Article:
not that. oaybe it's just, you know, memory and not alzheimer's. >> your care giving, s condition has changed the dynamics in your family.us telbout how much care you're having to provide and the support that you have around him. so i go there and visit him at least once a week duri the week while i'm able to go to work sothat gives me the opportunity to spend time with him. take him just out and about so hoe's not in these all day and then also make sure he gets his medicine. >> howas it impacted your family? >> it's hard, because, you know, when ou have towork or when you're -- my brothers and sisters don't live in the area so they're not able to physically be here, but ty're able to help out with things, research and they're able to step in and do those things so that the burden doesn't just fall on me since i'm not the only person. ied. ma
he has a wife. due's a doctor. because of her sc she's not always available to be physically there during the day and things like at, but my dad has sisters and a brother who come in and help out and make sure he gets things done when i'm not there. >> did y ever imagine you'd be doing care giving duties when you were 37?nk >> i didn't tbout it. i watched my aunt do that for my grandmother and i knew what it took and i know what it takes 's definitely different when you're the one that has to do it and has to step up to do it. >> what are sme of the kind of programs that you have at the association for families?e youalking about a young man. you're still a millennial, sort of, but care giving, many more people are having to do it now and even at younger ages. >> absolutely and we're actually -- because we're the washington metro area, we have a younger population so we do geta calls fr lot of folks who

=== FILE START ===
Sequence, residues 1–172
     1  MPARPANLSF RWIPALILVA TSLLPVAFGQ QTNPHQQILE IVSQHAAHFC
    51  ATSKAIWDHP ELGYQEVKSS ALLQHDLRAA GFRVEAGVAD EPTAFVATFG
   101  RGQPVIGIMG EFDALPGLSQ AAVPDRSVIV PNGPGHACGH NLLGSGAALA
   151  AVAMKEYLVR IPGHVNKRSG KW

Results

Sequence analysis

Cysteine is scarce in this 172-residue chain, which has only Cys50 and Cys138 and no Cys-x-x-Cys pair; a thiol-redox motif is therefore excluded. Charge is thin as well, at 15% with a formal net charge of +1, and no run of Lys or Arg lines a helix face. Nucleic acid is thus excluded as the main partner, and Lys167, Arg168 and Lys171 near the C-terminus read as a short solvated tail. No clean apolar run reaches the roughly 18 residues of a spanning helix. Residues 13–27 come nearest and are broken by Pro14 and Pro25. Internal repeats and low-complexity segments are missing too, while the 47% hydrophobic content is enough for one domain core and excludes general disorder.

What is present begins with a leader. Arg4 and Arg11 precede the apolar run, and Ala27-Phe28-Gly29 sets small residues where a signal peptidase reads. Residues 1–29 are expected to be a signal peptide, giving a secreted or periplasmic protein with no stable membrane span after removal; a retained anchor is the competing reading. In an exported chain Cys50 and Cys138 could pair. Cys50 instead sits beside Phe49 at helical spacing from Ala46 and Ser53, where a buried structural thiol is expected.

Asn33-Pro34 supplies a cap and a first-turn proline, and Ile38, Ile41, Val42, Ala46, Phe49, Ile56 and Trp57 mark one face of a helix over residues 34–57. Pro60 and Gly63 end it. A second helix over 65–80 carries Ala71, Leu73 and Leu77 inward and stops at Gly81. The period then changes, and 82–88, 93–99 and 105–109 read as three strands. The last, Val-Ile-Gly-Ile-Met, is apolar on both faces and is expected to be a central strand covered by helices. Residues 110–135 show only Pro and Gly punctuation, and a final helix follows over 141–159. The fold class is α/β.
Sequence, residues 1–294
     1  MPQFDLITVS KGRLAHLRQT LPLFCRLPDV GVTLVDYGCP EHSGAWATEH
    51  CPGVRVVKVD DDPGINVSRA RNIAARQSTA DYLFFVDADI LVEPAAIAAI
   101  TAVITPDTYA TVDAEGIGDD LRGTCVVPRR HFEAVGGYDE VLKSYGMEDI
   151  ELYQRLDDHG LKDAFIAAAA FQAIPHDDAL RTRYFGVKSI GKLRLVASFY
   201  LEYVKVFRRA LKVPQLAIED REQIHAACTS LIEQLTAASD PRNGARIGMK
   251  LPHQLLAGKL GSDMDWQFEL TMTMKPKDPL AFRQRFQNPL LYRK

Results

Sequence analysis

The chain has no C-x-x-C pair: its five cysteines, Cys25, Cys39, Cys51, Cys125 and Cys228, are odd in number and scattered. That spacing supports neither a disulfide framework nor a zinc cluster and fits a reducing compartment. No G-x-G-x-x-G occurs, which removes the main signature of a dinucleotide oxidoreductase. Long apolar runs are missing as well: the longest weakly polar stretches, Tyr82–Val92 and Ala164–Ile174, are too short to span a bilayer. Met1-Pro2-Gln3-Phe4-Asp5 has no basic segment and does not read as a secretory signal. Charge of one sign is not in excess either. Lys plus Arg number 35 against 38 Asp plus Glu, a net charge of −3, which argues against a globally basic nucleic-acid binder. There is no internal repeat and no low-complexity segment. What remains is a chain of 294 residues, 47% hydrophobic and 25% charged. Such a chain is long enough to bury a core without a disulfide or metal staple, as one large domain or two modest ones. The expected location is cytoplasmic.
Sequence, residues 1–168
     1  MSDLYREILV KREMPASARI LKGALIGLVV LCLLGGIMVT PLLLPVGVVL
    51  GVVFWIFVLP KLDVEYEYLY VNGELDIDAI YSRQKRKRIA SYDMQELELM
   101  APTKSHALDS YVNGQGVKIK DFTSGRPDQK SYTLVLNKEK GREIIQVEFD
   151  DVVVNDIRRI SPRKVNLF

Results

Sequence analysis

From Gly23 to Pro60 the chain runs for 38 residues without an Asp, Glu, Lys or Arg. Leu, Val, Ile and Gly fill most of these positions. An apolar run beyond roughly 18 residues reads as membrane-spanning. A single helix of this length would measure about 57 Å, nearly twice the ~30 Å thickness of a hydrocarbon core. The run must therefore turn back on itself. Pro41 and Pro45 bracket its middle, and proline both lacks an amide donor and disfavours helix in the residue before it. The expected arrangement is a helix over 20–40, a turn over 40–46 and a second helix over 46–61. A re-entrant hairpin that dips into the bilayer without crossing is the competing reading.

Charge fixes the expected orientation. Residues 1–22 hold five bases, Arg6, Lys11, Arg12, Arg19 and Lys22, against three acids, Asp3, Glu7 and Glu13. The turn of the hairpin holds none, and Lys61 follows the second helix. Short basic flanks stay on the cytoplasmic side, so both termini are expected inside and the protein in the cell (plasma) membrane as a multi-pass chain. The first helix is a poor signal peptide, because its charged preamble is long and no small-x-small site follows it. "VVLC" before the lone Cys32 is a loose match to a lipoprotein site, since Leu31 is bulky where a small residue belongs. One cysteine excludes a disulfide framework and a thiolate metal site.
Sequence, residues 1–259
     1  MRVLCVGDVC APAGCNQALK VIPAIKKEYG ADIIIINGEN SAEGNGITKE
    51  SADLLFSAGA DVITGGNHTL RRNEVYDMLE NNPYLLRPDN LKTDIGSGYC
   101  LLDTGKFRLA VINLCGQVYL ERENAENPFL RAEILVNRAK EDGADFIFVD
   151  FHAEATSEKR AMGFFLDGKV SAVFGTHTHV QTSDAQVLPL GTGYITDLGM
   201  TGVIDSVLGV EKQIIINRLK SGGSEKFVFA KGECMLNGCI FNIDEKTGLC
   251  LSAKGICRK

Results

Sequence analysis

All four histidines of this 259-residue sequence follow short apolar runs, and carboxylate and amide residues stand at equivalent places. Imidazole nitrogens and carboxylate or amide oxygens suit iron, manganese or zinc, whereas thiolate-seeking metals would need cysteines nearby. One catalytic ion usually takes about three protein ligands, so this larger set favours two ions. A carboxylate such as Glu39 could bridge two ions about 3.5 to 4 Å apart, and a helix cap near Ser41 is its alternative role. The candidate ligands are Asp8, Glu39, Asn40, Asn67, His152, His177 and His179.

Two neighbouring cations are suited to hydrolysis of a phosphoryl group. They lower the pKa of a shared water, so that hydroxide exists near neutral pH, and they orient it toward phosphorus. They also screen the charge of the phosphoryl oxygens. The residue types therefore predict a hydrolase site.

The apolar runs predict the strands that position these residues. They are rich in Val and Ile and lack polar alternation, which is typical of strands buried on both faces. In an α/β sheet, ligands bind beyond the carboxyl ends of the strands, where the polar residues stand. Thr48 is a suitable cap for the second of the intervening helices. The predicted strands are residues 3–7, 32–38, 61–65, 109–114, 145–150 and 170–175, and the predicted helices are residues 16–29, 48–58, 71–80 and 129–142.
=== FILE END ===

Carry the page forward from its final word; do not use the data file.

are much younger who areg look to get connected to resources because once that die gnosis ag made, that is life changing. they start losing se of their friends and so you're having to make decisions, some need to be made madly. others can wait and if they don't provide the right care, you don' know where to start. so first place to start is the 800 mber. we offer assistance in over 120 languages, 24 hour as day. we're there to answer any questions. the educationalrograms, the professional training, they are lifelines for famili. upport is everything. >> absolutely. >> we're going to take a break and we'll continue our talk right after this.